As for the offense, the Yankees are waiting for Judge (calf) and Stanton (hamstring) to return. Judge is on the injured list for the second time with a calf strain. He missed 14 days last month, came back, then reinjured the calf five innings into his first game. The Yankees are taking it even slower this time to ensure the calf is healed and Judge doesn't suffer another setback.
"I'm not sure all the baseball stuff that he did today," Boone told reporters, including Erik Boland of Newsday, when asked about Judge's progress on Monday. "I'll get that report a little bit later, but I know he ran outside to start his ramp-up. I know he's feeling (good) and everything went well in his first kind of running on the field. So that was good news."
Stanton has resumed baseball activities as well but Boone admitted "it's been a little bit slow, but we do feel like he's making really good progress right now." There are 20 days remaining in the regular season and it's unclear whether the Yankees will have Judge and Stanton for even half of them. There's not much time to return and have an impact on the postseason race.
For all intents and purposes, what you see is what you're going to get with the Yankees. If they're going to end this 5-14 skid and take control of a postseason berth, it has to be the guys on the roster right now who do it. The trade deadline brought no help and it's hard to expect Judge and Stanton to return in time to have a meaningful impact.
4. The schedule isn't favorable
If you're an optimistic, the glass is half full because the Yankees still have a lot of games remaining with the teams directly around them in the postseason race. If you're a pessimist, the glass is half empty because the Yankees have really struggled against those teams of late. Here is their remaining schedule:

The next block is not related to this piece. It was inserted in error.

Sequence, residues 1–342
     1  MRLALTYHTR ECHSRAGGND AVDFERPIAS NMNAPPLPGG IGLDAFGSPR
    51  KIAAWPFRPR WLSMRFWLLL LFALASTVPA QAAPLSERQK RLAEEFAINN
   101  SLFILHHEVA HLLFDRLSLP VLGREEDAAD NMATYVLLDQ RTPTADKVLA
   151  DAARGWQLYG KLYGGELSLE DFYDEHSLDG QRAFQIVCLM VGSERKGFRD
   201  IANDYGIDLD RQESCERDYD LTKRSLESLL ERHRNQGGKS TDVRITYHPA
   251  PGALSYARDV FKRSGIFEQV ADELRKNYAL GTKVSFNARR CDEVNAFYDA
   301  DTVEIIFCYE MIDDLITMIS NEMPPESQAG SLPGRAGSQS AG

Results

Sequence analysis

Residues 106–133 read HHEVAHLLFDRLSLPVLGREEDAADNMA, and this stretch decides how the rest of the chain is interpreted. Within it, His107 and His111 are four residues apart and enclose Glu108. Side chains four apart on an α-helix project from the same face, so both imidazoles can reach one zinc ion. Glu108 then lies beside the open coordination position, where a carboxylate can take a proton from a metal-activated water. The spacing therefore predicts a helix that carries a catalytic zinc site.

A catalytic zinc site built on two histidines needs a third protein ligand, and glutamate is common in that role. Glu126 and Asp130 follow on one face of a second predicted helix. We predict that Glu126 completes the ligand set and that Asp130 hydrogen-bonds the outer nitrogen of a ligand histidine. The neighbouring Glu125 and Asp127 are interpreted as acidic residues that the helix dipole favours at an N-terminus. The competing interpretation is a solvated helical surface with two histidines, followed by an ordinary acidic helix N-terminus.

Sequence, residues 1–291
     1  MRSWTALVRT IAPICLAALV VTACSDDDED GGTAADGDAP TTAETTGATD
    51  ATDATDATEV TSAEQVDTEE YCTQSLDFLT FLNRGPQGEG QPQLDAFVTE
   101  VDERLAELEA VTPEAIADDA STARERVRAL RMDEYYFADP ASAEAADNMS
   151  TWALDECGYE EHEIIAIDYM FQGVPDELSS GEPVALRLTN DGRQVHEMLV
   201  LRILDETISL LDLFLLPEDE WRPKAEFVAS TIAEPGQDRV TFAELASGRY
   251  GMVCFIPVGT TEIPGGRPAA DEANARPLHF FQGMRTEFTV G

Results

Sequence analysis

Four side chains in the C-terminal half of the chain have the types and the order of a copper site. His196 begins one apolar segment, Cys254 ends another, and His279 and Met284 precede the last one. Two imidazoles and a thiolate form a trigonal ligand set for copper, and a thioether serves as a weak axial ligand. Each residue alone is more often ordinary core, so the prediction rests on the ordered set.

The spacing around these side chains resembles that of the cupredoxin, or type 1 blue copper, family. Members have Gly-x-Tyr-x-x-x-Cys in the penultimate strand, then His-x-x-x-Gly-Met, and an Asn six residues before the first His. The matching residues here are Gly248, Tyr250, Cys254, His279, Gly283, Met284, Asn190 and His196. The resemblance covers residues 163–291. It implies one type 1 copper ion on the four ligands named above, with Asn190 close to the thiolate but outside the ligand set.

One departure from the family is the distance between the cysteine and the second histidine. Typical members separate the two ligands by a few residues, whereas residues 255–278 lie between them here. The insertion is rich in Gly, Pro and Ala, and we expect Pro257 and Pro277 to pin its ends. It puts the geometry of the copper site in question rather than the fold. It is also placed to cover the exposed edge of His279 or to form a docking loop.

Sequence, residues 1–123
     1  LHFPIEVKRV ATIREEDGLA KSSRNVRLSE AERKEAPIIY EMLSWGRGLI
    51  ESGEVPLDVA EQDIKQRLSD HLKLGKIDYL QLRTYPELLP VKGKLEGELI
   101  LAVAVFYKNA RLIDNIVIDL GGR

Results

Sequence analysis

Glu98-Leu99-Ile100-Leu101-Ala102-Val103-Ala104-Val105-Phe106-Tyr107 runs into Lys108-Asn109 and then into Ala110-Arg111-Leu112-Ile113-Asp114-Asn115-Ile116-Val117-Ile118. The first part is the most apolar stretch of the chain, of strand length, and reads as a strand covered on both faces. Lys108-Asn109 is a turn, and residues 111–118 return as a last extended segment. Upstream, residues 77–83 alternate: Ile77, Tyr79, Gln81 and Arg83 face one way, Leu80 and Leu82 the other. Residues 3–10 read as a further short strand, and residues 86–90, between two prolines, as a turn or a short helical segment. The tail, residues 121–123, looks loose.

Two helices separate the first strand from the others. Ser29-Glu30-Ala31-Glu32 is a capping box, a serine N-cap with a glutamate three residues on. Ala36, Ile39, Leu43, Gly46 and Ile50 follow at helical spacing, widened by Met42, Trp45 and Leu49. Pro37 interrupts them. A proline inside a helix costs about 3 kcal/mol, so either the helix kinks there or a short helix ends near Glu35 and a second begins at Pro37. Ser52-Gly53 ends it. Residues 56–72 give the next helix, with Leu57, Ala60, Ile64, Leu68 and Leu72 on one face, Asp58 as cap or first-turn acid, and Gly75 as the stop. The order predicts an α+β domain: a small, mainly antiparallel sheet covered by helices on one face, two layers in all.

- Sept. 8-9 at Blue Jays
- Sept. 10-13 vs. Orioles
- Sept. 15-17 vs. Blue Jays
- Sept. 18-20 at Red Sox
- Sept. 21-24 at Blue Jays
- Sept. 25-27 vs. Marlins
Nine of New York's final 19 games are against a red-hot Blue Jays team that has won 16 of their last 23 games, the third-best record in the American League during that time. That gives the Yankees a chance to catch Toronto and retake second place in the AL East! Given how they've played of late, I can't say I'm confident that will actually happen.
Nine more games against the Blue Jays, four games against an upstart Orioles team that is in the race with nothing to lose, plus three games against a Marlins team fighting for their own postseason spot. Three games in Fenway Park, which is never an easy place to play, will be the "softest" part of the schedule for the Yankees down the stretch.
"First of all, we have a lot of really good players, guys that have had a lot of success in this league," Boone told reporters, including NJ.com's Randy Miller, on Monday night. "You've got to trust in that ability and that it's going to turn. It doesn't mean you don't dig in and you don't grind and you don't look to where you can make subtle adjustments to continue to improve and put us in a position to start winning games. You've got to have that belief. That's the biggest thing right now, especially when we're going through a tough time."